Course SOC309H5F BLACKFISH-whale doc Lecture
Topic: Film – production, content and reception
Key educational goals/outcomes for today:
Understand the interplay of economic and aesthetic / fashion considerations in film (as in other
entertainment industries). Understand that many aesthetic changes in film history have been
products of economic consideration.
Understand that wider social changes, as well as the changes in entertainment technology and
production, influence development of film.
Consider influence of television on reception of film, and the film industry’s efforts to counteract
Baumann, Shyon. 2001. “Intellectualization andArt World Development: Film in the United
States”, American Sociological Review, vol. 66, no. 3. 404-426.
Hirsch, Paul M. 1972. “Processing Fads and Fashions:An Organization-SetAnalysis of Cultural
Industry Systems”, American Journal of Sociology, vol. 77. 639-659.
Questions to guide the reading/to think about ahead of time for students
Hirsch views the mass media as an “institutional regulator of innovation”. What does this mean?
What consequences does this have for the media content transmitted to audiences? What kinds of
innovation are likely to get lost on their way from creators to audiences?
What were the external and internal factors influencing establishment ofAmerican film as art?
Why was film industry favouring this change?
How did appearance of television open an “opportunity space” for establishment of film as art?
Compare this process to that of establishment of theatre as art in the late 19 c. A GENDA FOR CLASS
We continue our discussion of entertainment by looking at the history and economics of North
American film. We shall consider how the conditions of production influenced film content, and
how the industry fought to establish formal or informal control over distribution channels. The
film industry’s competition, first against television and then against other home media carriers,
which ended in their successful co-optation, will also be discussed, because of its importance for
profitability of film.
The main concepts for today
Procedure Development (1y) production (3y), sale and distribution (1y)
Film production by media conglomerate-branches out such as Disney into several
Eg walt Disney company
Disney media networks—ABC,ESPN,Disney Channel, walt Disney parks&Recs, Walt
Disney Studios-Disney Studios motion pic-distributor, pictures-pixar ect, Disney
Consumer, Disney Interactive
Film industry as a field
Bourdieus concept of field
Afield film comes into being whenfilm production begins to enjoy autonomy from other
existing fields in the type of capital particulary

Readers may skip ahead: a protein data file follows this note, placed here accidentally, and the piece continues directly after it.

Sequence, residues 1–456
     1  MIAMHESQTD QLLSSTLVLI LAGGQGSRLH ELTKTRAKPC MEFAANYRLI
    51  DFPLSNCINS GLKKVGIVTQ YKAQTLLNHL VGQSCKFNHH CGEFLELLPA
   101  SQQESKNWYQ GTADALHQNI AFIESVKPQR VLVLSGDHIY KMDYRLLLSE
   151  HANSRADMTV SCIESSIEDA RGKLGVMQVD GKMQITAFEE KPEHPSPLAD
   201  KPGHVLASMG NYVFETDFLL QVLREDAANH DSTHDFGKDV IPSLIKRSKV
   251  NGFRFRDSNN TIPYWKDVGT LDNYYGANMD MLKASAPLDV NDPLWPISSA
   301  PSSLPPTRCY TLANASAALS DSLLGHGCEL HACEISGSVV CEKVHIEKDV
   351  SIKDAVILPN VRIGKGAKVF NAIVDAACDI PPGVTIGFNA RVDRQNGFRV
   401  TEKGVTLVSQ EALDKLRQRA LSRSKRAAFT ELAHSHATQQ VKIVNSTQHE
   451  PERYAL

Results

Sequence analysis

Film industry as a system
Hirschs concept of system
Input and output boundaries
Managerial and technical subsyetm (close supervision of production, decrease risk for
production and managerial subsystem (bureaucratic of distribution
Institutional subsystem –mass media eing the gatekeeper of the diffusion of fadds and
Film industry as a network of organization
Overproduction differential promotion MANAGERIAL SYSTEM>>>CONTACT MEN
SUBSYSTEN>>>CONTACT MEN>>>MANAGERIAL SYSTEM
Studio system to indid films
Application of mass production principles to film. The studio system
By the ‘20’s film technology has advanced to enable production of feature length films
This si only possible with a large # of workers and high investment in production This leads to oligopolisation
1920s-1930s central producer system-1 producer oversees all important dec including
creative and supervises the entire production of a studio
40’s unit producer system each producer specializes in a genre and supervises fewer films
at a time. Aproducer is more knowledgeable and more interest in creative success
Studio system and the star system are ways to min uncertainty
Addresses both output and input. Big 5 paramount, loews MGM FOX or 20 cent fox and
Warner and RKO
Vertical integration: eac owned a large studio worldwide nework of distribution offices
and cinema chains
Other large studio Universal, Columbia united artists
8 studios produced 75% ofAmerican films collected 90% rev
Block booking is a system of selling multiple films to a theater as a unit. Block booking was the
prevailing practice among Hollywood's major studiosfrom the turn of the 1930s until it was outlawed by
the U.S. Supreme Court's decision in United States v. Paramount Pictures, Inc. (1948). Un